With the 2011 season in the rearview mirror for many teams, it's time for NFL.com's annual "Exit Interviews," a chance to review the ups and downs of each team's past season and spin it forward.
2011 in a Nutshell: The Steelers were a 12-4 team that was essentially damaged goods by the time the playoffs arrived. Despite another strong regular season, injuries and mental mistakes (like six penalties Sunday) ultimately cost this team both the AFC North and the wild-card game in Denver.
What Went Right: Love him or hate him, Ben Roethlisberger was mostly right. Again. The franchise quarterback threw for over 4,000 yards and compiled a 90.1 passer rating, despite nagging injuries, a porous offensive line and a largely ineffective running game. One thing that greatly assisted Roethlisberger, though, was the development of Antonio Brown. In just two seasons, Brown's gone from little-used target to playoff hero to certifiable threat as the Steelers' second wide receiver. Mike Wallace and Brown make up the AFC's most formidable wideout tandem.
Per usual, the defense was solid. In fact, Dick LeBeau's unit was ranked first in the NFL. While it didn't quite set as dominant a tone as the 2008 installment, the Steelers defense is what kept this team in games when Rashard Mendenhall was dancing too much and Roethlisberger was hobbled. Kudos to the secondary, which was thought to be a weakness coming into the season. Forget the Demaryius Thomas play -- re-signing Ike Taylor was absolutely the right move.
What Went Not So Right: That same defense. Despite statistical success, age and injuries really hurt this unit. The Steelers just couldn't get the stops when they really needed them. Aaron Smith was one of the most overlooked personnel losses in the NFL this season. Pittsburgh sorely missed his containment from the end, as well as his leadership. James Harrison and LaMarr Woodley were two significant members of the Steelers' walking wounded, missing 11 games between them. Speaking of injuries, Roethlisberger's high ankle sprain made the job much easier for the Denver pass rush.
Meanwhile, the lackluster play of Pittsburgh's offensive line greatly contributed to the hit-or-miss nature of the offense as a whole.
Offseason Crystal Ball: Look for the Steelers to part ways with a lot of familiar faces, as Pittsburgh is projected to be about $20 million over the $125 million salary cap. Smith, Hines Ward, James Farrior, Jonathan Scott, Chris Hoke, and Casey Hampton could all be gone.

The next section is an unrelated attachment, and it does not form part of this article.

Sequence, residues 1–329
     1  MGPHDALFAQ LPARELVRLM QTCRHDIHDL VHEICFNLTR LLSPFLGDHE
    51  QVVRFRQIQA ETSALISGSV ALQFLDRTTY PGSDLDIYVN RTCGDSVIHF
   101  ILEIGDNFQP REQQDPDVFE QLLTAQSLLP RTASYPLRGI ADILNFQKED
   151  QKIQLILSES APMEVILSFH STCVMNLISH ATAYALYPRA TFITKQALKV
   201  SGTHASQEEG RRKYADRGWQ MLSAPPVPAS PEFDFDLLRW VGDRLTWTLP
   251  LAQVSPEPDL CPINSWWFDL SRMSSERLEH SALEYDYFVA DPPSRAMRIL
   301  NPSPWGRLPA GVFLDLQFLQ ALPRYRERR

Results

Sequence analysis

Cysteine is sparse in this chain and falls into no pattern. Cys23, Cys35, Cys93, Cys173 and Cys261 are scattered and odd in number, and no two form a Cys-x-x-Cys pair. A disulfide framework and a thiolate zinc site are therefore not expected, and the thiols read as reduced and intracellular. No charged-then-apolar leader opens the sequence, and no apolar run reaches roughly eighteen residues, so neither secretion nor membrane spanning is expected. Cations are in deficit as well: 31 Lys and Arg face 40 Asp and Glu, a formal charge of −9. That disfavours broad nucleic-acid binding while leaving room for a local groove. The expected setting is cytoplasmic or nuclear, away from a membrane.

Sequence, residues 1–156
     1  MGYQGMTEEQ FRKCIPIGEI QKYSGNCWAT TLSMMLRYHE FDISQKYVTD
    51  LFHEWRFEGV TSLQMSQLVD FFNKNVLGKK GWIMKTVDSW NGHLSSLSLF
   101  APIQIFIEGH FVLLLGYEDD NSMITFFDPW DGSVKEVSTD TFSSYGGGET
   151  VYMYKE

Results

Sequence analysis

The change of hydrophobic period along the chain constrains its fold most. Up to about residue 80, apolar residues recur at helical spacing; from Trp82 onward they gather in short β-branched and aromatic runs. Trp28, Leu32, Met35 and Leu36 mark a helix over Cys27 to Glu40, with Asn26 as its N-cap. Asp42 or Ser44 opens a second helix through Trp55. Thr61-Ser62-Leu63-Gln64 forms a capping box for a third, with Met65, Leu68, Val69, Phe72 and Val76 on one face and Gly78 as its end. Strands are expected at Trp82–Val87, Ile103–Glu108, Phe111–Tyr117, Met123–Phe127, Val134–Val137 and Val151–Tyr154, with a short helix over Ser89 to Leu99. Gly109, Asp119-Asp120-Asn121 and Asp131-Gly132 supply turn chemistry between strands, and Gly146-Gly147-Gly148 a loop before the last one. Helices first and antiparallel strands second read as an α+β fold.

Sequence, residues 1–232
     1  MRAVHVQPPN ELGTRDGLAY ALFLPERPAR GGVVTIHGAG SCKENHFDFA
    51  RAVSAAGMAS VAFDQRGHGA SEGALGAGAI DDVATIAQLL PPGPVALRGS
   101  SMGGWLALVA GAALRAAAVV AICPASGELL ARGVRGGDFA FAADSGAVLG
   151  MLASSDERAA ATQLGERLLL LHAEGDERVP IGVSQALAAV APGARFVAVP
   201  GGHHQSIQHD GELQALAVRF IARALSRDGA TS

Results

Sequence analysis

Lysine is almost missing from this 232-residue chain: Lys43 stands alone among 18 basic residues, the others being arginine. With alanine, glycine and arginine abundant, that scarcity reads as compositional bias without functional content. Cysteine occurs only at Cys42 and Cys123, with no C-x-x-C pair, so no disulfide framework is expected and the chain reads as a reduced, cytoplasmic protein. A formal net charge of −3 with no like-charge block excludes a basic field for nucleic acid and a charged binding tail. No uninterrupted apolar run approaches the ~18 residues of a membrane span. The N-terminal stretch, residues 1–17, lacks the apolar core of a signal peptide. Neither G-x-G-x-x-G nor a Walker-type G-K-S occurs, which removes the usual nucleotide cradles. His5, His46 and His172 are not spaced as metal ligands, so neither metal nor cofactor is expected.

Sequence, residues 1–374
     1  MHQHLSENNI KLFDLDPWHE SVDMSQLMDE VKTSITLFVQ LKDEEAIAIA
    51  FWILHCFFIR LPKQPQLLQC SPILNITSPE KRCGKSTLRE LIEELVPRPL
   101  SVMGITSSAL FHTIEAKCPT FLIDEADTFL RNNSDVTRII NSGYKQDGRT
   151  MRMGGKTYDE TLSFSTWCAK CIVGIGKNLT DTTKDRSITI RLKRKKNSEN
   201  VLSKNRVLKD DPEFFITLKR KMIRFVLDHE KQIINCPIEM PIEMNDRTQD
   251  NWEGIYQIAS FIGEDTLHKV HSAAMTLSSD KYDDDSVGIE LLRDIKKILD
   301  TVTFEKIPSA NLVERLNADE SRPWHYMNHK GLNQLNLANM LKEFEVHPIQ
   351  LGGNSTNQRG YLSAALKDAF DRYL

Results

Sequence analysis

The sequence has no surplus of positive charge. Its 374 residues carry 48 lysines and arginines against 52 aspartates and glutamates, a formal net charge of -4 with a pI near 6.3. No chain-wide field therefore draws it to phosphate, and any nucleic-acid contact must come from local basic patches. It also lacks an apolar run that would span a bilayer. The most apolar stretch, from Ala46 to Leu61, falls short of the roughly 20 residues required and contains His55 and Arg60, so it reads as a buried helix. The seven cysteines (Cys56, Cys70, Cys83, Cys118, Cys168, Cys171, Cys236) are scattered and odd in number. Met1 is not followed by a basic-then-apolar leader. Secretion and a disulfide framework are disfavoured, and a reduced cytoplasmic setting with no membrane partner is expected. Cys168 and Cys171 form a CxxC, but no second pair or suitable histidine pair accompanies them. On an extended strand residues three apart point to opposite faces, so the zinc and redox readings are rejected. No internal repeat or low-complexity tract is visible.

It'll be interesting to see what happens with Harrison, who is due over $5 million. The former NFL Defensive Player of the Year turns 34 in May. He's been heavily penalized, fined and suspended, and might not have that many good years left. That said, if the Steelers can get rid of other albatross contracts, they'll hold on to Harrison for another year before turning to Jason Worilds or someone else. Worilds' midseason thigh injury didn't give the club a long enough look to be fully comfortable letting go of Harrison.
Offensively, the biggest offseason question mark lies in the backfield. Mendenhall will not be ready for opening day. Isaac Redman was good in spots, but is he the guy? Probably not. We may be looking at a running back-by-committee situation. One dark-horse candidate: Baron Batch, who looked promising last summer before suffering a bad knee injury and missing his entire rookie season.
Team Needs and Draft: Depending on who gets cut, depth at defensive line is very important. Nose tackle is a huge issue, given Hampton's knee injury. Getting a running back in the early rounds would not be the worst thing in the world, judging by the lack of confidence the club has in Mendenhall. Safety is an area of concern, given the age of starters Ryan Clark (32) and Troy Polamalu (31 in April).
Yet, if I'm working in Pittsburgh's front office, I'm staring at offensive guard all day long. Chris Kemoeatu isn't exactly the second coming of Larry Allen (and actually could be released). Doug Legursky is not the answer.
Follow Elliot Harrison on Twitter @Harrison_NFL